ransitions. The most important and sometimes most overlooked elements of your show are the transitions. As you plan your effects, how you get in and out of them is just as, if not more important than, the effect itself. The downfall of any designed program, visually or musically, can be hearing the word "functional" applied to your transitions. The solution is held in motivation, purpose, and direction. Your transitions must provide the audience with a sense of perpetual motion as they ride along in the vehicle you have created.
trengths. You are your program's harshest critic and greatest fan. No one knows your ensemble better than you and this knowledge should be used to your advantage. As you opt through the show ideas from season to season, choose and plan the show to harness your program's strengths. For example, if you just graduated every horse you have in the brass section, don't choose a big band show for the fall. One misconception that many directors and staff hold on to is the need to hide your weaknesses. In contrast, your approach through planning and programming should simply be not to expose them. Use them as the thread and not the needle.
It is difficult to plan for the unexpected, but here are a few factors to consider.
• As you design and program your show, you will no doubt want it to be a challenging effort for your students. However, take moment to ask yourself if they can truly pull it off.
• Try to identify and prepare for your externalities. A few for example: Parent involvement (How much and how many?). Props (Are they essential ... are they worth it?). Equipment (Do you require additional vehicles for transportation? Do you need materials fabricated for the color guard or set design?). Rehearsal Time and Space (Will your concept require more or less of either?).
• Deception and Reception. It is quite easy (and most times comforting) to get lost within your own ingenuity, but do not be deceived. Consider your idea and its reception by the band itself, the student body and "football crowd," as well as your competitive audience ... balance can be found and achieved. Do not blindly assume that your response will be the adopted opinion of others. That having been said, your program does not necessarily have to be "user friendly." An avant-garde production could be what everyone has been secretly craving.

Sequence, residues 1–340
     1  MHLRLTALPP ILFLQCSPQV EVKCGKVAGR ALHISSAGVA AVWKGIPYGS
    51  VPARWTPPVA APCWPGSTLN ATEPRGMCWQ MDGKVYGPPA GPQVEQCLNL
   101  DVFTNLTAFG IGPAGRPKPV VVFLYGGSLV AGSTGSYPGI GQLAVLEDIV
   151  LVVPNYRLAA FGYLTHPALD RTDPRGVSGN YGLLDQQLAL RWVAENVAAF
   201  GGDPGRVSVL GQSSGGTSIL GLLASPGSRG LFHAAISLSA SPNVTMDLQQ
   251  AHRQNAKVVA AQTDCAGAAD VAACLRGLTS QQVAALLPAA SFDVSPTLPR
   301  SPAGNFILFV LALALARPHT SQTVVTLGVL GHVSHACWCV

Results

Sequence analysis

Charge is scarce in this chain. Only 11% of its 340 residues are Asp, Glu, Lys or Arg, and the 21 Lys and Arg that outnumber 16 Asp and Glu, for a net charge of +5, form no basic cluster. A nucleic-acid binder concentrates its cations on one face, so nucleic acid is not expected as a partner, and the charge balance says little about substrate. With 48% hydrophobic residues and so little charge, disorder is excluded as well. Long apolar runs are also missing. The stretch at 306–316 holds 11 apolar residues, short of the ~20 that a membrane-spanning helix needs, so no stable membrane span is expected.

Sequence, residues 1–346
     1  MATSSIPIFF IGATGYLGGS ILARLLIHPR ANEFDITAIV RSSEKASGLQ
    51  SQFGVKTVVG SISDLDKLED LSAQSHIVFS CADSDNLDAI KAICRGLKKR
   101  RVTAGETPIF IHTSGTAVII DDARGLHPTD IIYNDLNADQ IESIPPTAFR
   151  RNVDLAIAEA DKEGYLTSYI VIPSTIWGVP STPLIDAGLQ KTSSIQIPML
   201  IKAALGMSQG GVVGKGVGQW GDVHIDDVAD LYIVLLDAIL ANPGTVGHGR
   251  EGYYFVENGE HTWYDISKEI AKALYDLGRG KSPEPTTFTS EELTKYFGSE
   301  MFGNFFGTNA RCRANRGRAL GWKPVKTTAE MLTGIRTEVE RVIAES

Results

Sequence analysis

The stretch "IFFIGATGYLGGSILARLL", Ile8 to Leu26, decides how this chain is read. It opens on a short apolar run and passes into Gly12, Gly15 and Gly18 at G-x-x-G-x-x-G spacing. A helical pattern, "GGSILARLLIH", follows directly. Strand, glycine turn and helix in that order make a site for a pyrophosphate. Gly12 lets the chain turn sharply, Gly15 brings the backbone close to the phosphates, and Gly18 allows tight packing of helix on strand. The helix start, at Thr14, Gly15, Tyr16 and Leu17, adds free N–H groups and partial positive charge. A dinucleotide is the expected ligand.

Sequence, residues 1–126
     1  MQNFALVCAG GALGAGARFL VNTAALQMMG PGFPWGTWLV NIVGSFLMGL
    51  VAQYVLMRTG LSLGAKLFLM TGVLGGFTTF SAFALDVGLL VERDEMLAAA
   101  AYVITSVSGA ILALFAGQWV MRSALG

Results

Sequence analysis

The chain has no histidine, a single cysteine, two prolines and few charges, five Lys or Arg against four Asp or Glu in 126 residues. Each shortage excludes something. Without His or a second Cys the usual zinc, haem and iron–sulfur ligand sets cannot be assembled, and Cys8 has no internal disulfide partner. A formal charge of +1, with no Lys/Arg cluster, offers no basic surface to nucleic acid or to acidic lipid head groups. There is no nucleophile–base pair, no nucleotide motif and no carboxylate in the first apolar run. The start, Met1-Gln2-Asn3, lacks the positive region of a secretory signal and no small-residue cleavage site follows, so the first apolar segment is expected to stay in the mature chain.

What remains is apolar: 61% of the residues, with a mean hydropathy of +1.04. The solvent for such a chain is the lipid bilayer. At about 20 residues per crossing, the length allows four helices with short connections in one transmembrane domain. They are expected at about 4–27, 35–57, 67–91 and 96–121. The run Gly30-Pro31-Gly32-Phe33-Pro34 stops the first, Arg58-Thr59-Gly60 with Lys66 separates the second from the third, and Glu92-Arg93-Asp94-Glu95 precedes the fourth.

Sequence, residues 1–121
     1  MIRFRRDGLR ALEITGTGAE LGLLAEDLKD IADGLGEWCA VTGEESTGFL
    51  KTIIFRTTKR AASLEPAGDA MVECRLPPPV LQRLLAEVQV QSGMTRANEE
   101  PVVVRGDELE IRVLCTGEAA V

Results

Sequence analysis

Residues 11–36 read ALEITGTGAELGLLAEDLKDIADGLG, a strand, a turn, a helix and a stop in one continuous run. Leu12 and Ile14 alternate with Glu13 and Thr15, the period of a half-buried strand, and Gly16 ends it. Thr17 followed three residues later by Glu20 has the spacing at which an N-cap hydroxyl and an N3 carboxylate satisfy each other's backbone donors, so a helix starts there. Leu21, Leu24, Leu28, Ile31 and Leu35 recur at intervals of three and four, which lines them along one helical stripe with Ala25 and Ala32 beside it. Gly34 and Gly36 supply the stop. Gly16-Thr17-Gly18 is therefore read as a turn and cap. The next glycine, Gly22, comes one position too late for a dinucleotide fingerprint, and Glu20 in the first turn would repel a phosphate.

Remember that one of your greatest allies is time. Once you have chosen your road, give your idea a little time to breathe and grow. Revisiting with fresh awareness and hunger will only provide a catalyst to fuel your Idea Engine again and again.
Bobby Hullett is the Founder and Director of Innovation of Sounding Ground. He is also the author of Ethics Everyday (EthicsEveryday.com). Bobby has earned a Master's Degree in Education as well as a BBA. His work with renowned educators at all levels of the pageantry arts includes DCI, WGI, BOA, as well as many local associations around the nation. A complete listing of history and experience can be found on his website, SoundingGround.com. Sounding Ground offers visual design and musical arrangements and compositions, in addition to many other services.
Text courtesy of Bobby Hullet. Images licensed through iStockPhoto.
Copyright 2007 Marching.com. All rights reserved. This material may not be published or redistributed without permission.